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Inicio Neurología (English Edition) Duret haemorrhage during intravenous administration of thrombolytic therapy
Journal Information
Vol. 34. Issue 5.
Pages 340-342 (June 2019)
Vol. 34. Issue 5.
Pages 340-342 (June 2019)
Letter to the Editor
Open Access
Duret haemorrhage during intravenous administration of thrombolytic therapy
Hemorragia de Duret durante la perfusión de tratamiento fibrinolítico
S. Quintas
Corresponding author

Corresponding author.
, I. Palmí Cortés, G. Zapata-Wainberg, R. López Ruiz, J. Vivancos
Unidad de Ictus, Servicio de Neurología, Instituto de Investigación Sanitaria de La Princesa, Hospital Universitario de La Princesa, Madrid, Spain
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Dear Editor:

Symptomatic intraparenchymal haemorrhages are an infrequent complication of fibrinolytic treatment (appearing in 1.7%-4.6% of cases), with a mortality rate of 54%-75%.1–3 Up to 55% of these haemorrhages (3.3% of all patients treated) involve a remote location with regards to the area of infarction.3,4

We present the case of a patient who died after a massive brainstem haemorrhage, possibly secondary to a transtentorial herniation (Duret haemorrhage) during treatment of a proximal occlusion of the right middle cerebral artery (MCA) with intravenous recombinant tissue plasminogen activator (rt-PA). Our patient was a 59-year-old Romanian woman with obesity and arterial hypertension of unknown progression time, treated with angiotensin-converting enzyme (ACE) inhibitors; the patient presented sudden-onset left hemiparesis and dysarthria. On the way to hospital, unknown atrial fibrillation was detected, with controlled ventricular response and arterial pressure of 200/100mmHg, subsequently decreasing without administration of antihypertensive treatment. Upon arrival, we observed right hemispheric syndrome (NIHSS=13). The emergency blood analysis showed macrocytosis without anaemia (Hb 13.9g/dL, MCV 106.5fL), platelets and leucocytes within normal ranges, and INR values at the higher threshold of normality (1.28) with normal thromboplastin time. A multiparametric brain CT scan (baseline brain CT scan, CT perfusion, and CT-angiography) revealed occlusion of the right distal M1 segment, with no established infarct on the baseline brain CT scan, and symmetrical cerebral blood volume maps with longer time-to-peak in all cortical territories of the right MCA (Fig. 1). After confirming with family members that there were no contraindications, fibrinolytic treatment with intravenous rt-PA was started 2 hours and 45 minutes after symptom onset. During this procedure, we observed a slight exacerbation of motor symptoms (NIHSS=15), with arterial pressure remaining within the established limits (160/70mmHg). At 45 minutes of starting perfusion, level of consciousness suddenly decreased, with no verbal or eye response, and the patient displayed decerebrate rigidity, conjugate gaze palsy, nonreactive mydriatric pupils, and bradycardia (30bpm). We suspended fibrinolytic treatment and performed orotracheal intubation. An emergency brain CT scan revealed a transtentorial herniation and extensive pontine haematoma extending to the midbrain, diencephalon, third and fourth ventricles, and lateral ventricles (Fig. 2). The patient was admitted to the intensive care unit and died at 96 hours.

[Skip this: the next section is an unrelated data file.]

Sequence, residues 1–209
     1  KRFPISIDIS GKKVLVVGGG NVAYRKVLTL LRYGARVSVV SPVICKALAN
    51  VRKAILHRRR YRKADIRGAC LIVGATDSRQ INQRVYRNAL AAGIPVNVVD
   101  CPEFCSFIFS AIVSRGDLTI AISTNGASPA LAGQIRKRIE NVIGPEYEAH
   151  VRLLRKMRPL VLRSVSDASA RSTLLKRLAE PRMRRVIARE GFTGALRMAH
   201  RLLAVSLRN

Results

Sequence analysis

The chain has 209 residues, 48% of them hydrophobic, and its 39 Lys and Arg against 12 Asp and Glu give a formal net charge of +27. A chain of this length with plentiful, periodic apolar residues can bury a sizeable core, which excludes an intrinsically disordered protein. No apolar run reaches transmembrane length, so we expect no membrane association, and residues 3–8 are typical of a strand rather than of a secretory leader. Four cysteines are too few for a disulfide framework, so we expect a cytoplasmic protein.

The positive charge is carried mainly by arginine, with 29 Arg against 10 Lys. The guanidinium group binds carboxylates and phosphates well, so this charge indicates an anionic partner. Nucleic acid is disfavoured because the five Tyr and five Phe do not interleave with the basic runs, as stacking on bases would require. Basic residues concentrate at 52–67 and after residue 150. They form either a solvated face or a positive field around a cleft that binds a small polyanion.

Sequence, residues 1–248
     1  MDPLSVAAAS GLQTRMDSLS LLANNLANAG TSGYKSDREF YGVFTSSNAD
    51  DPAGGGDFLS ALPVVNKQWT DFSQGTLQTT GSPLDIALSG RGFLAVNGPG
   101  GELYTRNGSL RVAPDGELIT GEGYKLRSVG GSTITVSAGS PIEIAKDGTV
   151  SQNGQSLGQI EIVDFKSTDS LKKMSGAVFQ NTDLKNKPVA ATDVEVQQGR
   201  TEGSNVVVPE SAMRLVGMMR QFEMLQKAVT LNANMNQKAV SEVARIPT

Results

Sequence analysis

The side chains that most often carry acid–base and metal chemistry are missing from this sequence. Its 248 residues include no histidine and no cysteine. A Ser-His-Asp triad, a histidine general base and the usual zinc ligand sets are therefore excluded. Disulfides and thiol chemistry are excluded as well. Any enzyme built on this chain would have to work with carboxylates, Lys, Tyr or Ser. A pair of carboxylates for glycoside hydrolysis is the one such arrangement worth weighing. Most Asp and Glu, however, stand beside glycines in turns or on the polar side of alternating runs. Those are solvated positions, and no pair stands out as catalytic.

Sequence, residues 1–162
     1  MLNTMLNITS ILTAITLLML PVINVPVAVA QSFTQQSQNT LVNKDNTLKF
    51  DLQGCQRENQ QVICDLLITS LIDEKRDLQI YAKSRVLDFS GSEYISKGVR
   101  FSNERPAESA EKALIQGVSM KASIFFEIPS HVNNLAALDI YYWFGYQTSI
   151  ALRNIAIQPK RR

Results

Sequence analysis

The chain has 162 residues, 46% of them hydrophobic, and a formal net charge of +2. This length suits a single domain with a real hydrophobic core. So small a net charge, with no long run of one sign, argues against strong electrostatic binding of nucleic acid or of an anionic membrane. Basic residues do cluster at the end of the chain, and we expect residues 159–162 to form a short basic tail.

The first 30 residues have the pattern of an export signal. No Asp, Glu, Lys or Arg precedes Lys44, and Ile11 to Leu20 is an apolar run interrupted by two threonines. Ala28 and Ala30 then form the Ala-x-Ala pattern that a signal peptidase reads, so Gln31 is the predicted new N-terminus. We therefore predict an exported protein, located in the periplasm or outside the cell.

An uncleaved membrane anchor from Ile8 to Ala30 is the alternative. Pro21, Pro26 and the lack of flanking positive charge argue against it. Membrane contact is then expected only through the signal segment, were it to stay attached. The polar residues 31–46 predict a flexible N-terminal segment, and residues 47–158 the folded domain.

Figure 1.

(A) No asymmetries were observed on the cerebral blood volume map. (B) Longer time-to-peak in 6 cortical territories of the right MCA. (C) Occlusion of the right distal M1 segment on the CT-angiography.